NEBRASKAland

Nebraskaland March 2019

NEBRASKAland Magazine is dedicated to outstanding photography and informative writing with an engaging mix of articles and photos highlighting Nebraska’s outdoor activities, parklands, wildlife, history and people.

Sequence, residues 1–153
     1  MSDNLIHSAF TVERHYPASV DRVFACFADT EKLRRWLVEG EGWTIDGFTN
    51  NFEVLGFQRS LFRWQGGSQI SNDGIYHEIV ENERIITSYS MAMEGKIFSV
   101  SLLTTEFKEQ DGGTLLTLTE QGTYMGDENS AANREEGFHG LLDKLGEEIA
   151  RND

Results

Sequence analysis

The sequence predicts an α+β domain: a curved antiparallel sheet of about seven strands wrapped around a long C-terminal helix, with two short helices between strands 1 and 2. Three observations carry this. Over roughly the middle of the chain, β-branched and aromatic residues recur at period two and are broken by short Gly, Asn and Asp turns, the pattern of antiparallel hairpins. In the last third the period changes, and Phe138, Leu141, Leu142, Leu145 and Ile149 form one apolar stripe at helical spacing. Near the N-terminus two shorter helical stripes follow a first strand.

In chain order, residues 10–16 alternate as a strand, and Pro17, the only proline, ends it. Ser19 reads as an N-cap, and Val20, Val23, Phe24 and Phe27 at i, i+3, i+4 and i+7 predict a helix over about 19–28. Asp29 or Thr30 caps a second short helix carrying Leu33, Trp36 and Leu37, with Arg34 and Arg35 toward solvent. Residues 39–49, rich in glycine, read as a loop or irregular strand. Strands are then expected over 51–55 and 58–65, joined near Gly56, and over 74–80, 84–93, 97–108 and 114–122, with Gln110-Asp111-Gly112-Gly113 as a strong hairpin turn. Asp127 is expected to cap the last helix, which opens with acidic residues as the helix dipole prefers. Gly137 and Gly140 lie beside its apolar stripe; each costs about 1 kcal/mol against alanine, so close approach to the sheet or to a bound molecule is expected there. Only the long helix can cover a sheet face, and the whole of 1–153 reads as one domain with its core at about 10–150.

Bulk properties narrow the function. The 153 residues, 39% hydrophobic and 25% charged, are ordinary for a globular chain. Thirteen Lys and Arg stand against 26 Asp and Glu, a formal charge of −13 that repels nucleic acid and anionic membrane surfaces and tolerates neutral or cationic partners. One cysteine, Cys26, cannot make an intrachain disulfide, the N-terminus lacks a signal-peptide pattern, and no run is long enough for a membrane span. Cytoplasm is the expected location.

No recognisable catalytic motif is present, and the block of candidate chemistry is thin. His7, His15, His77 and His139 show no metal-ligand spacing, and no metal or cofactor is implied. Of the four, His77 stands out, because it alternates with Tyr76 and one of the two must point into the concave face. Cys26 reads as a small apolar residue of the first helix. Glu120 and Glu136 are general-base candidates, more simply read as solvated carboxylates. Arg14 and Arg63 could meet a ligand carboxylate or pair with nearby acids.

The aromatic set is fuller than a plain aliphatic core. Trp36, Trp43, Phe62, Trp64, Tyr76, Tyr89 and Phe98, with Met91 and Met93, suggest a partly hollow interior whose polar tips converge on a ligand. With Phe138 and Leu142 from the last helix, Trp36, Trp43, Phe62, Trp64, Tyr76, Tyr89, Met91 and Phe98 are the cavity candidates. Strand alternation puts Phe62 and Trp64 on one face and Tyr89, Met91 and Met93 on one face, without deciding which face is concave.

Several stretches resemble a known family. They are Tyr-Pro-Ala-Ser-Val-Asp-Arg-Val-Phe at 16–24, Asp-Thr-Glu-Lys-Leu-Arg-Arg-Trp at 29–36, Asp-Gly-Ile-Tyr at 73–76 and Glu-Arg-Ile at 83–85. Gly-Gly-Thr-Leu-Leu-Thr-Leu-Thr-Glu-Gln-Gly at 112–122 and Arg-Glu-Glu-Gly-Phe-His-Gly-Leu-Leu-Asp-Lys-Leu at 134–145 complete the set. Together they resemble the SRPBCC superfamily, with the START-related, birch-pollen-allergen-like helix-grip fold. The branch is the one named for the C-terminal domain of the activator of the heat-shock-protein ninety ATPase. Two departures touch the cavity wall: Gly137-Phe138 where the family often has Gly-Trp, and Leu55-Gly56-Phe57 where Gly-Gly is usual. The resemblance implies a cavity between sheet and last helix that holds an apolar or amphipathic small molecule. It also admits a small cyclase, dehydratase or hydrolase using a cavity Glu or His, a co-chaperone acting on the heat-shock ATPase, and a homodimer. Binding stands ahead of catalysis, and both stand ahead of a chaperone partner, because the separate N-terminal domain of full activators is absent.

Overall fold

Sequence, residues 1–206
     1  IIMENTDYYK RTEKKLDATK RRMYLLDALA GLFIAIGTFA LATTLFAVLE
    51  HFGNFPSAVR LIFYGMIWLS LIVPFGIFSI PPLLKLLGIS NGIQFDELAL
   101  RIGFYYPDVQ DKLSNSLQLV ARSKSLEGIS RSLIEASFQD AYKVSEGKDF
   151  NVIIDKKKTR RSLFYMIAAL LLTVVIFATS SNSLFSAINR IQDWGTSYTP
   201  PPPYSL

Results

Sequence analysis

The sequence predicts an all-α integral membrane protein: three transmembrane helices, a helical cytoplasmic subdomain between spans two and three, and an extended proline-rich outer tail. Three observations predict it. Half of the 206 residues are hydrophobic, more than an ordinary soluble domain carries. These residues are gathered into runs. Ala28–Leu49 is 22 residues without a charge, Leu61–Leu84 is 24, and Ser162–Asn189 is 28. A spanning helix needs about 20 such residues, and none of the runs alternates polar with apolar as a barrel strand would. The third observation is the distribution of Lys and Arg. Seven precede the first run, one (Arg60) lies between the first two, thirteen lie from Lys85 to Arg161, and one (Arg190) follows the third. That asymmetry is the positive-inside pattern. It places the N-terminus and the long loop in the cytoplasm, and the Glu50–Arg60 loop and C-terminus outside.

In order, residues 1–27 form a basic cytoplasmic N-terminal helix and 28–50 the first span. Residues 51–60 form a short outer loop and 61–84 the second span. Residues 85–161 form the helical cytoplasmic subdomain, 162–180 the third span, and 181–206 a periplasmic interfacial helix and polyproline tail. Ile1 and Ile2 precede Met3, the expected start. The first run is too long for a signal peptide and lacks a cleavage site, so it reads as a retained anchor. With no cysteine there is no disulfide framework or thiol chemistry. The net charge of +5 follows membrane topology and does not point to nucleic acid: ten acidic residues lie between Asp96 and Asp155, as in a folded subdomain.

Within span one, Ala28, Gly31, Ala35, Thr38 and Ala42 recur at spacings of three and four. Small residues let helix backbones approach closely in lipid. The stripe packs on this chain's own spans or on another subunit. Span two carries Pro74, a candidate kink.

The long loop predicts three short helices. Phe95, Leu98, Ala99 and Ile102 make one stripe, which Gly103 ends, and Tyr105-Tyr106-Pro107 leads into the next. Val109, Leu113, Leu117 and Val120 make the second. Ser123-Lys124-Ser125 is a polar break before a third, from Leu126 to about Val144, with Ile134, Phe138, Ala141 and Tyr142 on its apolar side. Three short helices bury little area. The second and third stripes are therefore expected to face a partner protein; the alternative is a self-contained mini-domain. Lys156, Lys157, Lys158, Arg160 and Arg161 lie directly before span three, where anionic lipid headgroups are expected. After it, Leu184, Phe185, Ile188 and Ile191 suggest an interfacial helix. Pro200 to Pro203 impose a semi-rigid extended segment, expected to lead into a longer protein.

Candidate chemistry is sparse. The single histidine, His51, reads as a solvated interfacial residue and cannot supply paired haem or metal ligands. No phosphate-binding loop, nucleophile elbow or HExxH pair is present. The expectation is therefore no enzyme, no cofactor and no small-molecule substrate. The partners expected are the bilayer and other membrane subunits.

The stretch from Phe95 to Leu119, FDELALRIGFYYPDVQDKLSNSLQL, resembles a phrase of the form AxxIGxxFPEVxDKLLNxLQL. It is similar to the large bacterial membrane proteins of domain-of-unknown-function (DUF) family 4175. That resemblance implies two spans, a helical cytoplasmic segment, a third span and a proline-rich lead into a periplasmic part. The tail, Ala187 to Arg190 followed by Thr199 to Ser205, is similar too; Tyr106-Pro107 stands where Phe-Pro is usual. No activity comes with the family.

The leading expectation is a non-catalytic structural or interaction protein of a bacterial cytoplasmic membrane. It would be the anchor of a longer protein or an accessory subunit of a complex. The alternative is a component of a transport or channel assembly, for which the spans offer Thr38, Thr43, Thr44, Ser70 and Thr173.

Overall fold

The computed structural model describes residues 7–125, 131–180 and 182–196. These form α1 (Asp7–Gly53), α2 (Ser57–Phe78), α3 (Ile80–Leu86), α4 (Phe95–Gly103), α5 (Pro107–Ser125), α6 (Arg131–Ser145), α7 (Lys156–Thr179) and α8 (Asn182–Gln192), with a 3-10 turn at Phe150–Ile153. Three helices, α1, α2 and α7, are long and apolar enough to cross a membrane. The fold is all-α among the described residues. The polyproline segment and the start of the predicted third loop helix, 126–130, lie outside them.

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March 2019 • Nebraskaland 45 roads. It took decades of promotion to convince enough voters and lawmakers that this was a good idea. Nobody wanted their taxes to go up. Most roads long remained unimproved as a result. The bicycle craze faded, but automobiles grew more popular year by year. In 1916, the number of cars registered in Nebraska topped 100,000. By then, local groups were working with multi-state organizations to promote "automobile trails" – the beginnings of the modern highway system. Roads such as the Lincoln Highway (more-or-less the future U.S. Highway 30), the Detroit-Lincoln-Denver or D-L-D Highway (U.S. 6), the Meridian Road (U.S. 81), and dozens of others were cobbled together from existing local routes, marked by painting telephone poles, and promoted through maps and guidebooks. Here's how the Automobile Blue Book described a section of the Meridian Road between Norfolk and Pierce in 1912: "Turn left from business center and at the fork ... bear left, following the angling road straight out of city through edge of Hadar ... bearing right with road ... Jog left and take fi rst right. Turn left 1 mile, then right ½ mile. Turn left 1 mile into Pierce." Later, concrete markers were added to guide adventurous motorists. Sharp-eyed travelers can still spot some of these markers along backroads around the state. The federal system of numbered highways was adopted in 1925, transforming the old automobile trails into U.S. highways. That year, Nebraska adopted a gasoline tax to raise money for roads. Auto travel gradually became less of an adventure, but faster and more reliable. Adapted from "The Good Roads Movement in Nebraska" by L. Robert Puschendorf, from the Winter 2015 issue of Nebraska History. Visit History Nebraska's website at history.nebraska.gov. the ld Polk County was known for its good roads, which were overseen by a county highway commissioner and this road crew. History Nebraska RG2407-5-3

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